It’s getting harder for small businesses to make a success with their marketing strategy.
Worldwide, digital advertising spends are expected to increase by a whopping 17.4% to £446.10 billion over the coming year. You’re not alone if you’re pitching a marketing budget increase to your boss.
But why do we need to spend more cash? The answer is simple: consumer preferences are changing. The people you’re targeting with your marketing campaigns are becoming fussier with the brands they follow, engage with, and more importantly, buy from.
These days, consumers want personal connections. (Even more so than customer satisfaction.)
In a so-called “relationship era”, where salespeople who focus on relationship-building over hard selling, you’ll need to build a connection with the people you want to convert.
That’s why tradeshows are great; you’re meeting these people face-to-face.
Combining your existing tradeshow strategy with email marketing is even better.
Why Combine Email Marketing and Tradeshows?
Over a quarter of SMEs in the U.S. exhibited at a tradeshow in 2016. That’s not surprising; tradeshows build those all-important personal connections which lead to increased trust.
Want to learn something cool?
Tradeshow revenue in the U.S. in 2016 was £9.79 billion. Whilst that might not sound like a lot of cash compared to the latest eCommerce figures, email marketing can help to boost the number of sales you make from these events and claim a larger slice of that cash.
Think about it: you can’t build personal connections if you’re not communicating with people.
That’s possible (and expected) if you’re attending a tradeshow. But what happens before or after the event, where you’re looking to invite people and nurture the relationships you’ve built?
That, my friend, is where email marketing comes in.
How to Harness the Power of Tradeshows and Email Marketing to Make More Sales
So, are you convinced to cross-over your tradeshow and email marketing strategy to build the personal connections you’ll need to make more sales?
Here’s what you’ll need to do:
1. Collect Information on Potential Visitors
Let’s start at the very beginning of your tradeshow preparation: Collecting a list of targets who you’d love to meet at the event. Whether it’s potential customers or industry friends, this list is gold dust and helps to plan the flow of your day.
Email marketing is the perfect way to do this. Shooting an email to invite them is a fantastic idea, but without sounding like Captain Obvious, that’s impossible if you don’t have their email address.
You’ll need to collect information on potential tradeshow visitors to make this possible.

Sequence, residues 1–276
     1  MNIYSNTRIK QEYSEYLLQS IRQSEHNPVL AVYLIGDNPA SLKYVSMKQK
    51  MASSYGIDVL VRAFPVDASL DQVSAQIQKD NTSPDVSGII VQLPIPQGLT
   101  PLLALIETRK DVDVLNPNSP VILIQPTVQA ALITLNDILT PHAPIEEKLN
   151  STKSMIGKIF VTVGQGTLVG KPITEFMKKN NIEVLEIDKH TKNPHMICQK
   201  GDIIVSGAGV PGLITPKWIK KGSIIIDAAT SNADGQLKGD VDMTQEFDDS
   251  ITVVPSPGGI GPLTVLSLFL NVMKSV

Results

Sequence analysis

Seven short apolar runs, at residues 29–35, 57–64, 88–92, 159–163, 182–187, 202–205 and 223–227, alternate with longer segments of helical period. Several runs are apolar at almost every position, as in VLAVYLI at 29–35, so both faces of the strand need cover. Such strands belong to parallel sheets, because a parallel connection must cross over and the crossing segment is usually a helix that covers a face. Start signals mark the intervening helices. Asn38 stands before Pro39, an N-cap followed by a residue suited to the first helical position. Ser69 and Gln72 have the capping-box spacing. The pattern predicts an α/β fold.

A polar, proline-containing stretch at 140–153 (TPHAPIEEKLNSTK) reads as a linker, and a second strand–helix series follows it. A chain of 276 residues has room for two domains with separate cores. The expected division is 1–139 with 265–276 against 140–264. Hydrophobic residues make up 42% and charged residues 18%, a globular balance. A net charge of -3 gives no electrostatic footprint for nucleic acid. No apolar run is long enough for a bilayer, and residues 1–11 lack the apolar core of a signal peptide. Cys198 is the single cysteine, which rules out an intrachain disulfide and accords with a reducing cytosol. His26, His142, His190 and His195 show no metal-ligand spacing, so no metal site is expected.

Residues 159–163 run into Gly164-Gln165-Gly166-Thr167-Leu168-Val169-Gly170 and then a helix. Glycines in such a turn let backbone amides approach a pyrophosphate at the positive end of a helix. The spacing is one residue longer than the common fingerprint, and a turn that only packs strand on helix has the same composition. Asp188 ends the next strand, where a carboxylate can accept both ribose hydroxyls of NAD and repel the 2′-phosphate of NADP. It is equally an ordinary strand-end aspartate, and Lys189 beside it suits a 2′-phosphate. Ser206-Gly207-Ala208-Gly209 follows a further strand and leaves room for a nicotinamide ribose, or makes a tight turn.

The easiest way to collect email addresses of people who might attend your event? Create an eBook on a popular topic in your industry, and pack it to the brim with value. You’re able to collect people who’re involved in the industry’s email addresses by gating the eBook itself asking people to hand over their email address before gaining access.
HubSpot use eBooks to gain extra information on their customers. Just take a look at this eBook, titled “A Beginner’s Guide to Social Media”, that’s free to access in return for an email address:
Should HubSpot ever attend a social media tradeshow, the people who’ve downloaded this eBook are a perfect fit. Why? Because they’re already expressed interest in the topic.
Writing a 1,500-word eBook that’s full of value can take time—I understand that. But trust me when I say this: It’s worth it.
Along with collecting information on people you’d like to build those personal connections with, you’re giving them something in return. A free eBook that includes practical advice is rare, and helps to build trust through proving your knowledge a proven factor in sales.
When using this lead generation tactic to collect email addresses, there’s one critical thing you’ll need to remember: Always make sure you’re welcomed to do so. Emailing people without their consent goes against GDPR regulations, and see a hefty fine land on your business.
2. Test the Waters
You’ve got a steady stream of email addresses coming in, thanks to your lead generation strategy. What happens next?
You test the waters and determine how likely the people on your email list are to attend a tradeshow.
You’ll need to gather key information through a series of emails to make this possible. That might include:
- Mentioning the event in one of your standard emails and tracking who clicks the link.
- Monitoring who’s opening emails on a similar topic to your tradeshow.
- Looking at the location of your subscribers and segmenting people within a 200-mile radius of the tradeshow.
- Asking them outright if they’d be open to meeting you.
Email providers—such as ConvertKit—can gather this information automatically through their visual automations feature. Simply set up an automation (like “tag link clicks with ‘interested in tradeshow’”) and let them do the work.
It’s really as simple as that!
3. Send Personalized Invitations via Email